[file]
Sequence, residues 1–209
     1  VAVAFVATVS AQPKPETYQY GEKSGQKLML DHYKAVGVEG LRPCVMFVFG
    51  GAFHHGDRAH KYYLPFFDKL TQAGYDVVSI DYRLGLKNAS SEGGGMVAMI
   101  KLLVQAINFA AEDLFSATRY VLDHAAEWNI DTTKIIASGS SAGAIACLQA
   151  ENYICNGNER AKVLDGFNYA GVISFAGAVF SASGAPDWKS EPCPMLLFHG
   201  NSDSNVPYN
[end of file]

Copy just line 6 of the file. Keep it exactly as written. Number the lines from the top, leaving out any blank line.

   201  NSDSNVPYN